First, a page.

Passage #440: 10 February 2018
The establishment of 440 Hz as a standard concert pitch was an attempt to rein in the pitch inflation that was running wild in 19th century Europe. It was an artifact of the orchestra setting. Musicians and instrument manufacturers, always looking to stand out among so many voices, were progressively tuning their instruments higher and higher in order to sound "brighter" than their competitors, so that year by year, the scales crept upward, eventually reaching pitches at which strings would snap and vocalists would strain to hit the highest notes. Various attempts were made to define a standard reference tone, but the most successful was the Stuttgart Conference of 1834, which defined A above middle C as 440 Hz, which is today the most widely-recognized concert pitch.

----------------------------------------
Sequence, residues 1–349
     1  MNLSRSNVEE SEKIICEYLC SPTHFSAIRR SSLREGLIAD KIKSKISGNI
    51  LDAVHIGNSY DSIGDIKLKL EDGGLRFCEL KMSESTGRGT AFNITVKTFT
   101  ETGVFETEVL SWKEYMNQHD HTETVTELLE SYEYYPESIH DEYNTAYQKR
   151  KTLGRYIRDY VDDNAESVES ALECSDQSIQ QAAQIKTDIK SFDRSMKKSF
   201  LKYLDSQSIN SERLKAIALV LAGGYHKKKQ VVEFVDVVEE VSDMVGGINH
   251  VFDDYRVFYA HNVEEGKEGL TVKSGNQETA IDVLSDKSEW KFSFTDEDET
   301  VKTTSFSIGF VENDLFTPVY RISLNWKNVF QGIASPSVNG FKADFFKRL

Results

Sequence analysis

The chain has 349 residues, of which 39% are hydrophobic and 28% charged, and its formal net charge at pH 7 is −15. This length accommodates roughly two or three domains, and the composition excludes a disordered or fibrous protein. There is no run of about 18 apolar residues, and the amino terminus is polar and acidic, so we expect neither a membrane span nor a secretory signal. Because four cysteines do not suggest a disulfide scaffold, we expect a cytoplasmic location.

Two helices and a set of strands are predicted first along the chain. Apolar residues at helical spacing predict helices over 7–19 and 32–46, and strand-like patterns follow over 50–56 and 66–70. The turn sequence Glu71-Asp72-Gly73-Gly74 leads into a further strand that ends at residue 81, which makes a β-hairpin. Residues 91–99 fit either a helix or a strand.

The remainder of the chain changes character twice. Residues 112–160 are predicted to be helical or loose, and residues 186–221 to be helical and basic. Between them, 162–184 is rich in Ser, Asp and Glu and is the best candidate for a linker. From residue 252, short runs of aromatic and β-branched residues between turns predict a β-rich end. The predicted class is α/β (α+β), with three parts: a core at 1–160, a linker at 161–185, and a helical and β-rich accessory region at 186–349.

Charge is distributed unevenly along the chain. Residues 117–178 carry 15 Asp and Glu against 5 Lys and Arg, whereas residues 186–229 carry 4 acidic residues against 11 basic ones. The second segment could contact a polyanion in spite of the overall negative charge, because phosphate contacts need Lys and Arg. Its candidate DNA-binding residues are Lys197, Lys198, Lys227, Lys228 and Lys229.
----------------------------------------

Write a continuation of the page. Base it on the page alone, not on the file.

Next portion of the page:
So it is with this ride, in which we try to establish some unifying theme in the features of the San Bernardino Valley. We will examine the various scales* that the Inland Empire presents to us--huge wires above, great channels below, looming mountains beyond, all juxtaposed with buildings of various incongruent shapes and sizes in the middle--and try to harmonize them using the instrument at our disposal, that is to say: the bicycle.
*Well, yes, technically, the establishment of a standard pitch is a matter of tuning rather than scale, but that's harder to work into a good pun/metaphor for a bike ride, isn't it? This announcement is late enough as it is; can you just roll with us on this one?